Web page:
History: Community


One problem that FCW had from the start is a lack of anyone with public relations experience.  That, along with the location deep in an alley in an old cotton mill led to the phrase “I didn’t know anything like this was around here” being said numerous times (and still being said).  One of the first things created was a trifold brochure that is still being used.

The local paper,  The Granite Falls Journal (now Caldwell Journal), has been friendly to us and publishes items now and then — the only problem being that they have a small circulation.  We have managed to get two articles in the Lenoir-News Topic, a larger paper in the county.  One was an “introduction” article and the other an article about the GFMS eggbot workshop.  One thing that has helped is a large sign placed on the first building of the complex in 2013.

FCW has been represented at several events.  We had an exhibit at the 2013 and 2014 NC Makerfaire in Raleigh; the 2015, 2016 and 2017 Burlington Mini-Makerfaire; at the 2013, 2014,  2015, 2016 and 2017 Southeast Linuxfest in Charlotte; the 2015 and 2016 Barnes and Nobel mini-Makerfaire in Hickory; and Catawba Valley Pride at the Science Center in Hickory.  Gene set up display at a local Lowe’s and gave a talk at a regional Model Railroad convention in Durhum. Colin and Michelle have  given presentations to local clubs.  The word is slowly getting out, but we have quite a ways to go.

We have good relationships with the local Amateur Radio Clubs.  The Lenoir club meets at FCW now and then when they need to demonstrate something with the radios or electronics.  The Western Piedmont club furnishes Volunteer Examiners for licensing exams at FCW three times per year, and FCW is a regular participant at the Catawba Valley Hamfest in Morganton.

Colin is our only member with professional experience with presentations so he and Michelle put together presentations for clubs.  Colin has presented at two of the local Rotary clubs.  Gene has represented FCW at several model railroad shows and Lowes display.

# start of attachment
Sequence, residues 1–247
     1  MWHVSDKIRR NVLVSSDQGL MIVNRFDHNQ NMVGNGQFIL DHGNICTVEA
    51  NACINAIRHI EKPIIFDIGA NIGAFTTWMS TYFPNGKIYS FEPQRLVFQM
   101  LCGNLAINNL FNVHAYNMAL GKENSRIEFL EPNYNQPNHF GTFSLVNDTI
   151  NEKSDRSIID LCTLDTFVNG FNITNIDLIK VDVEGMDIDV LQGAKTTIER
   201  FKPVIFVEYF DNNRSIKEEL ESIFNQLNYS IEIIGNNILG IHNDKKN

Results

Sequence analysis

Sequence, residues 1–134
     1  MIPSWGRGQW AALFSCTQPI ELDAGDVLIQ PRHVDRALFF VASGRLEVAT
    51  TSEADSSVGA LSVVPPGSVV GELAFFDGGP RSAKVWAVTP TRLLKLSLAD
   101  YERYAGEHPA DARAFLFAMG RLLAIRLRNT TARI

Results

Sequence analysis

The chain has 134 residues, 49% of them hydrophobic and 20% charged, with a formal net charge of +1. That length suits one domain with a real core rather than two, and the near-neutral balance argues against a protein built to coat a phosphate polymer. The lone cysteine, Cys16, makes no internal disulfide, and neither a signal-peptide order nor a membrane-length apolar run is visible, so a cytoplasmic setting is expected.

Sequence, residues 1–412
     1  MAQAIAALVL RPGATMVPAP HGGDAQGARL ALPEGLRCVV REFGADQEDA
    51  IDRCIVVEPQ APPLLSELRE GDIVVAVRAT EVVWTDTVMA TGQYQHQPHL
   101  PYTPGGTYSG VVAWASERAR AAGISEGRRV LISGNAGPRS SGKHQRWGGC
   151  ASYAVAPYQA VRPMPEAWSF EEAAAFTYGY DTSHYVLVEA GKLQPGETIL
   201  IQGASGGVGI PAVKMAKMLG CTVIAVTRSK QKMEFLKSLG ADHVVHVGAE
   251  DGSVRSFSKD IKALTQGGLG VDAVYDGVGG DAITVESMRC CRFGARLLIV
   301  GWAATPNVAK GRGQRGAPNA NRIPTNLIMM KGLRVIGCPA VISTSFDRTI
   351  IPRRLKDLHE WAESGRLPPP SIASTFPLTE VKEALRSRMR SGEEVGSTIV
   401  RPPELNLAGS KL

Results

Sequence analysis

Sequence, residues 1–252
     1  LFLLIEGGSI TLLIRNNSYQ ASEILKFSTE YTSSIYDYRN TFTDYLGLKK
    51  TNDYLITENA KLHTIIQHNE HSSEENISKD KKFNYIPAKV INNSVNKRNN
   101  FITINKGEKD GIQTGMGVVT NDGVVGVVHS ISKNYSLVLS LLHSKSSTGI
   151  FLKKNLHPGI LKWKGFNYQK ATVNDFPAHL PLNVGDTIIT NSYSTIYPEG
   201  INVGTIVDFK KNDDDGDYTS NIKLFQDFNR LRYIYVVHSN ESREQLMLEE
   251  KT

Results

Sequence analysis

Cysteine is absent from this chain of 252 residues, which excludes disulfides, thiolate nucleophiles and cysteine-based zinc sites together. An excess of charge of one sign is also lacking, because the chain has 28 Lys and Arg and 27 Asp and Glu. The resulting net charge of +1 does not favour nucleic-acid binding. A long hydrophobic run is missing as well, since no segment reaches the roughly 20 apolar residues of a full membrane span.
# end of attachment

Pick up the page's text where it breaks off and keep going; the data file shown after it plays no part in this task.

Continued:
Rich and Michelle have been working with the local schools.  Instructors from five of the local middle schools are planning to attend a workshop at FCW and we have a member from one of the local high schools.  Michelle and Brandon have attended educational events and are working to create joint classes between FCW and the local schools.

Tax Deductible

From the start, we wanted FCW to be non-profit and file for a 501(c)(3) status.  The initial corporation filing was set up as non-profit in NC and shortly after FCW was formed, Michelle, Dan, and Warren were a committee to complete the 501(c)(3) application.  Money was raised and the application was filed with the IRS in May 2012.  Then the wait began.  Around August, we were expecting to hear back that we would have to submit changes.  Rich called several times only to find out that our application was still in the queue.  Finally, on April 1, 2013 we received a letter stating that we were approved for 501(c)(3) status with no changes.  Because of the date and the long wait, at first we thought it to be a joke.  But, it was real and FCW was officially a 501(c)(3) non-profit organization.  We have had two significant donations since then and several small ones but are now seeking out grants and sponsors.


FCW has participated in two Googlefests.  Michelle was on the education panel at one Googlefest.

In 2017, FCW joined the Caldwell County Chamber of Commerce and is developing a relationship with local businesses.

A Look to the Future

Several FCW members were planning personal and group projects. At the space, work on another Fright night was underway. There was planning  for  Open Houses. A lan party, a movie night, and a regular game night were also being planned.  A regular “vintage computer” night was planned. Planned classes included various microcontrollers, Python, Networking, Ham Radio, Machining, Basic Woodworking, CAD, Digital Electronics, models, mask making, basic computers and Electronics. A group build of 3D printers was being organized, and there was work on a group solar panel build and an antenna party. A commercial 3D printer and a scanning electron microscope were being restored.  Expanding interests included alternate energy, chemistry, biology, casting, glass blowing, jewelry, and pottery.  Grandrant and donation possibilities were being explored and there was hope to do joint projects with other local organizations and other hackerspaces.

Things were going good, membership increasing, ongoing outreach, classes and fun activities.  But……. such was not to be.

Next:  Disaster Strikes

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A Hackerspace/Makerspace for the NC Foothills